Disclaimer: if you’re thinking of applying for a new credit card, but you also struggle with #1, then stop what you’re doing, delete this article, and go make a budget. Managing credit cards requires that you have the discipline to pay your bills in full every month.
Let’s be clear: applying for credit and a new card does negatively affect your score…but only at first. From the pie chart above, 10% of your score is New Credit, but Utilization Rate is 30%, and 30% > 10%. What you’re doing is trading a temporary deduction in the 10% category for a permanent boost in the 30% category.
Find a credit card that’s free and provides a good point/bonus system (more on this in a future post). Let’s say you’re approved and get a new card with $10,000 more in credit…from our example above, now your monthly Utilization looks like this:
After about 6 months to a year, the negative hit you took in ‘New Credit’ will disappear, but the boost you got from Utilization will remain.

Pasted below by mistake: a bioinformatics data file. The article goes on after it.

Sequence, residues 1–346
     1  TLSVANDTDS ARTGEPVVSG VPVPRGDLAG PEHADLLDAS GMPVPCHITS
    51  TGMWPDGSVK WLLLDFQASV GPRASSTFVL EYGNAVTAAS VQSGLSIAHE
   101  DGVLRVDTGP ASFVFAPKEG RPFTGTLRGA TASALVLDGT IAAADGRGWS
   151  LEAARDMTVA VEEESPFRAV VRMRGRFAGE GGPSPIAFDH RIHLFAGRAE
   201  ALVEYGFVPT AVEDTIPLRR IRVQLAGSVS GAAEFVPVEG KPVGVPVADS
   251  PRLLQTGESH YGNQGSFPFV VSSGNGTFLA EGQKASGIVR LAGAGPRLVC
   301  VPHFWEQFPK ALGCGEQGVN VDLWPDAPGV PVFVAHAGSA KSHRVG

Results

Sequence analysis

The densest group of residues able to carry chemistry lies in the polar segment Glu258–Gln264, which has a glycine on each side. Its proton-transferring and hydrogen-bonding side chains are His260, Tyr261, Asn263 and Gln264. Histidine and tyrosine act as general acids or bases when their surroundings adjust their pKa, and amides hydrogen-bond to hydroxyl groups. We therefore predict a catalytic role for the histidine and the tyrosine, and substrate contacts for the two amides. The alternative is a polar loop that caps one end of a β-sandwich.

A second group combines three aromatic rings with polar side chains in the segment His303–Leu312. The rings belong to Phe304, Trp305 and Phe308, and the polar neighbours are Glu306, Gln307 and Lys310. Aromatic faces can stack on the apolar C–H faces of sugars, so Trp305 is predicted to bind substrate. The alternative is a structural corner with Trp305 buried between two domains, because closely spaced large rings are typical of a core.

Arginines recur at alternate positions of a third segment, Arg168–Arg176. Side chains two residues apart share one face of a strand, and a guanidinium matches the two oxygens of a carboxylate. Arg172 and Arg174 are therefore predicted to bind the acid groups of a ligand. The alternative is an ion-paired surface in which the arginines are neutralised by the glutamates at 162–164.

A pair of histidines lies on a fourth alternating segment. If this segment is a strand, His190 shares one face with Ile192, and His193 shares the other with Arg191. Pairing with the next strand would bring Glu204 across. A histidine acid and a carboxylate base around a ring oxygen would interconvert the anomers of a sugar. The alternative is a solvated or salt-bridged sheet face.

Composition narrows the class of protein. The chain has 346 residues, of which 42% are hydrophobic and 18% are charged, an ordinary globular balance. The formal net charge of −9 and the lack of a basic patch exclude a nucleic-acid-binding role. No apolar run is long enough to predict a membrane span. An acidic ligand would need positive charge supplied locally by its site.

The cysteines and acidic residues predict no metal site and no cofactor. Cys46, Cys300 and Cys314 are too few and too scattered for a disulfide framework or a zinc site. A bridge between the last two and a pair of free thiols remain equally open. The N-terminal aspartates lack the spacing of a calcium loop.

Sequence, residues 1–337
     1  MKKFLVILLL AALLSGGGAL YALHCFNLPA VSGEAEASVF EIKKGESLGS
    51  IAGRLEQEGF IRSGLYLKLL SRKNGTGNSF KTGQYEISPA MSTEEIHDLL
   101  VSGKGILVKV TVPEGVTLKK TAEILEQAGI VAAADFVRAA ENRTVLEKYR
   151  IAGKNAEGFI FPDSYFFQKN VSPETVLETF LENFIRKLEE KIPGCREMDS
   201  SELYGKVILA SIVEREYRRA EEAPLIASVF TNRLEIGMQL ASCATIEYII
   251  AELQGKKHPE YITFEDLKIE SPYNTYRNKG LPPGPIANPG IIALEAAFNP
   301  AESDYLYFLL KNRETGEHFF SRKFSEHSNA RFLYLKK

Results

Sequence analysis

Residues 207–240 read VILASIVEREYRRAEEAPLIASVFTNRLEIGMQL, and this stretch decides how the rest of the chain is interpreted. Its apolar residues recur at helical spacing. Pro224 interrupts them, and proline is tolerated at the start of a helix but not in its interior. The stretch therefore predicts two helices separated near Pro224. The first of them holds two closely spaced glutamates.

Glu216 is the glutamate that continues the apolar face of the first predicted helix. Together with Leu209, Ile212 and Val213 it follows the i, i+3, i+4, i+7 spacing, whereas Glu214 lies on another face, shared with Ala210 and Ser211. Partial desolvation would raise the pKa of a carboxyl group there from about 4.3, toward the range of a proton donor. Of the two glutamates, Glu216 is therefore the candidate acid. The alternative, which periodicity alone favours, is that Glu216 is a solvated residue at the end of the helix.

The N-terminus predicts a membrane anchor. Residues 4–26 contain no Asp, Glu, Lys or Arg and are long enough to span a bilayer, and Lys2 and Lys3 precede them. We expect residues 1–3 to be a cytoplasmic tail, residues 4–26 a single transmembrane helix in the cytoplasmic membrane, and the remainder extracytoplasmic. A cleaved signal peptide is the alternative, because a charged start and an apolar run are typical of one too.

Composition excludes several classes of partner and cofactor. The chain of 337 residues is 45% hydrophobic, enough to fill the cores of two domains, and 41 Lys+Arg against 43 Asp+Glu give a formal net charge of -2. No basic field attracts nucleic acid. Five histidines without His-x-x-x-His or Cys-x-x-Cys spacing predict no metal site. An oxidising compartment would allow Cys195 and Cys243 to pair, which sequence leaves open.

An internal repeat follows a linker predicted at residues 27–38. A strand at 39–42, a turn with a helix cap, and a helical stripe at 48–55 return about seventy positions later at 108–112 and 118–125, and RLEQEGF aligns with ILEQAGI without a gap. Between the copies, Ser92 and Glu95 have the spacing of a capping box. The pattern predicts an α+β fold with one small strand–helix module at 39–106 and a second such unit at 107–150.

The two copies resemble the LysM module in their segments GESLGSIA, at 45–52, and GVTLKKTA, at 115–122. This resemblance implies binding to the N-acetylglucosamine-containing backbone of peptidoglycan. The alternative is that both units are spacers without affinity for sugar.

Voila – a higher score!
In summary, if you don’t really understand how your credit works, trust me, you are not alone. Now you have no excuse not to squeeze out a higher score! Here are those steps again:
- Pay your bills on time!
- Don’t close those old cards
- Review your reports annually at annualcreditreport.com. Report inaccuracy!
- Decrease your utilization percentage by increasing your Credit Available
More education is desperately needed on this topic, so please share this with a friend or family member,…and maybe even that geography teacher!